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40: (Case Study) Human Evolution

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    Clovis points from the Rummells-Maske Cache Site, Iowa, USA (Image: Wikipedia, Billwhittaker, CC BY-SA 3.0).
    Figure \(\PageIndex{1}\): Clovis points from the Rummells-Maske Cache Site, Iowa, USA (Image: CC BY-SA 3.0; Billwhittaker, Wikipedia).
    Student Learning Outcomes

    At the end of this chapter, students should be able to:

    • Discuss Homo sapiens sapiens in the larger context of hominid evolution;
    • Highlight some of the critical splits in the human phylogenetic tree;
    • Discuss some of the features of hominid skull anatomy that can be used for comparative genotype analysis between hominid groups;
    • Describe how humans migrated from Africa, including the timing and pathways;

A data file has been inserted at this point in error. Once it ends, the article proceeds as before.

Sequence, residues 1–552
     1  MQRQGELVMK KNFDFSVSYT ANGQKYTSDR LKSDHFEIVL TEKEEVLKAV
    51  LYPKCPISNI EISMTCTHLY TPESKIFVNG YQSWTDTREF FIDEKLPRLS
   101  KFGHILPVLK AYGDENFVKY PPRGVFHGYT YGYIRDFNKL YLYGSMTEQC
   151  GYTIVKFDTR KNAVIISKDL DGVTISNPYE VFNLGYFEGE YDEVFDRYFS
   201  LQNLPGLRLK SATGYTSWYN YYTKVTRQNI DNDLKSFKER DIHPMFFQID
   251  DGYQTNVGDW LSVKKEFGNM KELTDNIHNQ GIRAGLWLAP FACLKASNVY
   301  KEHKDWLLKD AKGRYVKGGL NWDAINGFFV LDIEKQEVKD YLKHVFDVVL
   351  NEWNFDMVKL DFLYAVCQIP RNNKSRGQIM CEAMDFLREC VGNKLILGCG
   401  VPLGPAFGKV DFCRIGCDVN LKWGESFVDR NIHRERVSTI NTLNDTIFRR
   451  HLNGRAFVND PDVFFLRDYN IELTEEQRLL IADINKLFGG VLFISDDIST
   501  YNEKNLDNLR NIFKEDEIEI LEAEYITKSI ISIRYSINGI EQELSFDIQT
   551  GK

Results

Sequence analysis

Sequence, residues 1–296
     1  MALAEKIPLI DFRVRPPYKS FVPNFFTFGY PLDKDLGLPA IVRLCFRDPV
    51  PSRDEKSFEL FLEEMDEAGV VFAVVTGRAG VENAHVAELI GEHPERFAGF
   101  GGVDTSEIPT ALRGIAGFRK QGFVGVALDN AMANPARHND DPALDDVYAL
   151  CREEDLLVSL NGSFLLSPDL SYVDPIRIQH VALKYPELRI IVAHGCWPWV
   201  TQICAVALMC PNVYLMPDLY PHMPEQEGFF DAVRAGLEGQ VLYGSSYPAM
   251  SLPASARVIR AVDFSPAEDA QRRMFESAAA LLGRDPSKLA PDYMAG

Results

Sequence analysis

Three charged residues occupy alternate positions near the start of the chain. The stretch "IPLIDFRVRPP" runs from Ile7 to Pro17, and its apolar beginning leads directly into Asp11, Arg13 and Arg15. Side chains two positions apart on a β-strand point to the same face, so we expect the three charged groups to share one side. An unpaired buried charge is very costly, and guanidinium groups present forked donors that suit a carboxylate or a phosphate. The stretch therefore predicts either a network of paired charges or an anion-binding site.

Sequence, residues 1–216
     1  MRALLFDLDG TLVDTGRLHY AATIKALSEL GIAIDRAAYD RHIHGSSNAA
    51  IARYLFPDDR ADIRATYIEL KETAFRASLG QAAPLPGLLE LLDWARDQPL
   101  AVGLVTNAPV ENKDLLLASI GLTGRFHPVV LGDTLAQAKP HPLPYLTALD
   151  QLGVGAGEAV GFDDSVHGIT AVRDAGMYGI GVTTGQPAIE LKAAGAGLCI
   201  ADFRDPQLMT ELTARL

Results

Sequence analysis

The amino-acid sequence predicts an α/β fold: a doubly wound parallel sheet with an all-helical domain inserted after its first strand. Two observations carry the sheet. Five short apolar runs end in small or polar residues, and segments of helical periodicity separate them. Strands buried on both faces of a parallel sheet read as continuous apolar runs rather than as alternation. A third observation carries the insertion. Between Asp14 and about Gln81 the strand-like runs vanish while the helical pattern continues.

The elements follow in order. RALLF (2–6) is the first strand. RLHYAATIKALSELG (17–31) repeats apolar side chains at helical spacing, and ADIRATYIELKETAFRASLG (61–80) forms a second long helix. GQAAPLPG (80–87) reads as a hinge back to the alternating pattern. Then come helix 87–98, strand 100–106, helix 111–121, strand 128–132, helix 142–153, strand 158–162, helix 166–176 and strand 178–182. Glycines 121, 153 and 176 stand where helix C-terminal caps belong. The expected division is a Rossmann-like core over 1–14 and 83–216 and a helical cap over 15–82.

• Describe how we can trace these migrations using paternal and maternal haplogroups;
    • Identify some of the key technological innovations during the evolution of hominids, particularly among anatomically modern humans and Neanderthals;
    • Understand how human evolution is very similar to evolution within other taxonomic families of organisms.

    This page titled 40: (Case Study) Human Evolution is shared under a CC BY-NC 4.0 license and was authored, remixed, and/or curated by Callan Bentley, Karen Layou, Russ Kohrs, Shelley Jaye, Matt Affolter, and Brian Ricketts (VIVA, the Virginia Library Consortium) via source content that was edited to the style and standards of the LibreTexts platform; a detailed edit history is available upon request.